Working day and night, FBI finishes IAFIS code

That’s when they will start processing digital fingerprints, using more than four
dozen Hewlett-Packard Convex Scalable Parallel Processor 2000 and HP 9000 K-Class servers
in a secure computer room the size of two football fields.


In the final building phase, the $640 million Integrated Automated Fingerprint
Identification System is scheduled to come online this summer at 90 percent of its final
functionality.


Even at 90 percent completion, IAFIS will provide “way more than we have with
IDAS,” the current Identification Automated System, project manager James Jasinski
said.


The other 10 percent of the capabilities are, so far, not usable by many states’
law enforcement agencies, he said. The final 10 percent also includes new IDAS functions
not programmed into IAFIS because the FBI Advisory Policy Board agreed last August to
freeze major changes to the final build.


Four months later, the board decided to freeze even minor table changes until after
IAFIS comes online.


Before the freeze, each time someone added a new function to IDAS, the IAFIS developers
tried to match the new function.


“We were making 400 IDAS changes per quarter,” Jasinski said. “What we
had was a parallelogram in search of a rectangle, and you really cannot do development
that way. You don’t have a firm target.”


In early 1996, FBI managers reorganized IAFIS development into six separate builds
after realizing they likely could never integrate the three separate contractor-supplied
components of the system in the time called for by the project schedule.


Litton PRC had won the contract to build the Identification Tasking and Networking
(ITN) component of IAFIS. Lockheed Martin Corp. was to build the Automated Fingerprint
Identification System (AFIS) component, and Science Applications International Corp. of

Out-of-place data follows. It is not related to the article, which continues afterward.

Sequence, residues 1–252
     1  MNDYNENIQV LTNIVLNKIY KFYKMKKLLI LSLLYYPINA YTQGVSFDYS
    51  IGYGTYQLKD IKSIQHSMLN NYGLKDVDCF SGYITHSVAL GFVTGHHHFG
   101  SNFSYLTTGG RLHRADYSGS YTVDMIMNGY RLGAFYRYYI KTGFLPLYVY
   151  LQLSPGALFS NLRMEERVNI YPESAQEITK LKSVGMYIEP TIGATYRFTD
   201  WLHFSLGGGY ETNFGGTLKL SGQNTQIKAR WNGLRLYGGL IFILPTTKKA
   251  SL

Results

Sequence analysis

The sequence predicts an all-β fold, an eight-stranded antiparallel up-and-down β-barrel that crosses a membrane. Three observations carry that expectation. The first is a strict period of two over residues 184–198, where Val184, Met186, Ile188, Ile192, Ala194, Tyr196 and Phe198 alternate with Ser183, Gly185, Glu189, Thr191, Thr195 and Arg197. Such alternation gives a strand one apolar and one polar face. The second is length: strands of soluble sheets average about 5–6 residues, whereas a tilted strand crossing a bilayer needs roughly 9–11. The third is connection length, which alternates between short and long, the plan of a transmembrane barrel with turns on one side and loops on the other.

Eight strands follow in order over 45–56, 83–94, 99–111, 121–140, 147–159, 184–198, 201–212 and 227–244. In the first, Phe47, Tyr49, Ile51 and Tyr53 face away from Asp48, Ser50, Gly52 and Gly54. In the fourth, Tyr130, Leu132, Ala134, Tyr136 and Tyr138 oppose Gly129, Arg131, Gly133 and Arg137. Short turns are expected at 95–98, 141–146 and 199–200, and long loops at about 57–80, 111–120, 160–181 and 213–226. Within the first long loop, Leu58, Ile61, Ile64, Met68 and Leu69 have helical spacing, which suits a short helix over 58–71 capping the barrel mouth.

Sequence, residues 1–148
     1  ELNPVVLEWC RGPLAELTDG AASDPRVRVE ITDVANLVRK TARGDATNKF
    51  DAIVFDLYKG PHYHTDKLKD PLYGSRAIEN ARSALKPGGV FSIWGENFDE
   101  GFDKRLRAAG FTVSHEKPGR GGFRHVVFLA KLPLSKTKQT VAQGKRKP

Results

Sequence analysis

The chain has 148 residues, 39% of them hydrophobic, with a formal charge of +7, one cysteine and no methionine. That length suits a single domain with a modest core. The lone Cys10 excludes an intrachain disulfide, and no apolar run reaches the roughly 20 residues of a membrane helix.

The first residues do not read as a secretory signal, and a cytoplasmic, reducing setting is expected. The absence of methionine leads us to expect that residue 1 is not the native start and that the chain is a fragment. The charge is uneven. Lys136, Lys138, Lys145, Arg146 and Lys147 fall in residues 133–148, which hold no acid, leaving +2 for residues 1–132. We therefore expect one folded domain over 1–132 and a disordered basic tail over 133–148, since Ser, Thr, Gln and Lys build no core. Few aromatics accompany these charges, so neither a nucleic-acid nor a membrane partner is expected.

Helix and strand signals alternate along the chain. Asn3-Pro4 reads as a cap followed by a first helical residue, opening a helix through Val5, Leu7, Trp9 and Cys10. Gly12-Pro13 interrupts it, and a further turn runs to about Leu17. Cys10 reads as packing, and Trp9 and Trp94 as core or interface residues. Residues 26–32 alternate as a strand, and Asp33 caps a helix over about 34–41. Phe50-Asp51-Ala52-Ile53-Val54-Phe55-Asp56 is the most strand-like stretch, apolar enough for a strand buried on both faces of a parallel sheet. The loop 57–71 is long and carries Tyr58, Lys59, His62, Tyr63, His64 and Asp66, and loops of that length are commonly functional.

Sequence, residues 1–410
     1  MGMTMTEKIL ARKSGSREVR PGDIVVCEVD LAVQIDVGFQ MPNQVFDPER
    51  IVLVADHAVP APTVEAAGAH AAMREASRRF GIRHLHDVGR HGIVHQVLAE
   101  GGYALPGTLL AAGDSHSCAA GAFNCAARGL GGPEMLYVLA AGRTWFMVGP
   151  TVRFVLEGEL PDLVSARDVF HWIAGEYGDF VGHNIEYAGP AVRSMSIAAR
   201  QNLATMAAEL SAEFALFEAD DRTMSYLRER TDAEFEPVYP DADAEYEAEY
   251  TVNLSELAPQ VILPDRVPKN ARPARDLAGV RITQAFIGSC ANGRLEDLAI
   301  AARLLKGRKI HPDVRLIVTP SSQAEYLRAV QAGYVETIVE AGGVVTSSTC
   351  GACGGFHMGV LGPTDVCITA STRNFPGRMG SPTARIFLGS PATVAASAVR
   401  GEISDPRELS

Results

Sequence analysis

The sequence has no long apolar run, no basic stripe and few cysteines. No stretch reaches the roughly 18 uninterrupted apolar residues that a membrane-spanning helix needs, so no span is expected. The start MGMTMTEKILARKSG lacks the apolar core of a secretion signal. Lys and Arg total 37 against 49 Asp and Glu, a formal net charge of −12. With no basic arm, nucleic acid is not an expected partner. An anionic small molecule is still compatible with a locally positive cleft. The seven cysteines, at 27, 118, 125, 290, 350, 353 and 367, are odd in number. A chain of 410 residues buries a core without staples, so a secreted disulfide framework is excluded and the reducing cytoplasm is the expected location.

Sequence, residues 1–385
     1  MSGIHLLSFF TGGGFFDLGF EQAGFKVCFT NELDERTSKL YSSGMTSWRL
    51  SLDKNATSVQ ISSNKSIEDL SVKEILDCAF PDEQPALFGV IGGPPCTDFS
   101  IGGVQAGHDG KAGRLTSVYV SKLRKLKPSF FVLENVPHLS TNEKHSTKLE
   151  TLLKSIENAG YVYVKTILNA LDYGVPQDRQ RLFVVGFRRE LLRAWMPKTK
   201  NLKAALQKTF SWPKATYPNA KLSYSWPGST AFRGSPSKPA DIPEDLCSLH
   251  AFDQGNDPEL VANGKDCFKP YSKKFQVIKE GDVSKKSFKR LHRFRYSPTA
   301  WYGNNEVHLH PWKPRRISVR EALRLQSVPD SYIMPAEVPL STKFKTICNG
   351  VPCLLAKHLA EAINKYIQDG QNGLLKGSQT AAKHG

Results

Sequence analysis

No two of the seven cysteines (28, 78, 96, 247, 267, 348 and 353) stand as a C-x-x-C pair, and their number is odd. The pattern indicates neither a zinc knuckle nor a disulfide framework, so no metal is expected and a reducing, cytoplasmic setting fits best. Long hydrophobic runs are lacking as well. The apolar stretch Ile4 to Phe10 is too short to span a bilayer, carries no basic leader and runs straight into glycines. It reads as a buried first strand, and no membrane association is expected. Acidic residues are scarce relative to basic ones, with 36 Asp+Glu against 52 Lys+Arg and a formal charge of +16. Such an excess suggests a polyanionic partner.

San Diego would supply the Interstate Identification Index (III).


“We realized it was unrealistic to say we’re going to have three separate
major systems coming in, and we’re going to glue them together in four months,”
Jasinski said.


The build approach, which proved highly effective, was not easy to execute. Tensions
often ran high between the development team, which worked days, and the testing team,
which worked nights.


“It was a very miserable process, to be honest,” Jasinski said. But the
nightly round of tests and subsequent fixes was necessary to iron out messy protocol and
interface inconsistencies.


The night team tested each successive AFIS build to see whether messages moved
correctly through the major system components to complete a transaction.


“The best way to find out where there are disconnects is to send a message back
and forth,” Jasinski said.


A process that began with informal reports changed to formal reports and finally to
daily meetings to review problems. Carlo Lucchesi, the IAFIS program chief of staff,
compared it to “a military watch structure, almost.”


The successive testing paid off, Lucchesi said. Using an early build of IAFIS to
identify so-called latent or incomplete prints gathered from crime scenes, the FBI made 71
hits and “may have opened cases that had been cold or closed in the field,” he
said.


“We’re quite excited about the prospects when we go operational, based on
this preliminary run,” Lucchesi said.


When IAFIS goes online, latent-fingerprint specialists in the FBI headquarters
laboratory will get new Hewlett-Packard B-Class Model B160L Visualize workstations. IAFIS
initially will have up to five clusters of up to 22 HP workstations attached to a pair of
HP 9000 K-Class Model K460 servers through 24-port Cisco Catalyst 5000 asynchronous
transfer mode Ethernet switches from Cisco Systems Inc. of San Jose, Calif.


IAFIS will involve 300 to 1,000 HP B160 workstations in clusters of up to 42 as needed
for 10-print fingerprint matching at the FBI’s Clarksburg, W. Va., facility. The
workstation clusters will link to five HP 9000 K460 workgroup servers and other backbone
servers through a series of redundant Cisco LightStream 1010 eight-port ATM switches.


The ITN component alone will have 19 HP D-Class Model 210 optical jukebox servers and
as many as 23 HP 9000 K460 servers. They will manage the image index and workflow
databases, segment interfaces and front-end communications to the FBI’s National
Crime Information Center 2000 and the states’ National Law Enforcement Transmission
System.


The III component adds 24 SGI Indy R5000 workstations and three SGI Challenge XL
servers to the IAFIS Fiber Distributed Data Interface backbone. III’s centerpiece is
an automated mail-handling system.


The most processor-intensive component of all is AFIS, driven by 29 HP Convex SPP2000
servers attached to 50 Symbios 3000 RAID storage arrays from Symbios LSI Logic Corp. of
Milpitas, Calif.


The initial IAFIS configuration will have up to 57 HP SureStore 600fx magneto-optical
jukeboxes and 42 QMS 2060 printers from QMS Inc. of Mobile, Ala. “It’s designed
to be expandable,” Jasinski said. 


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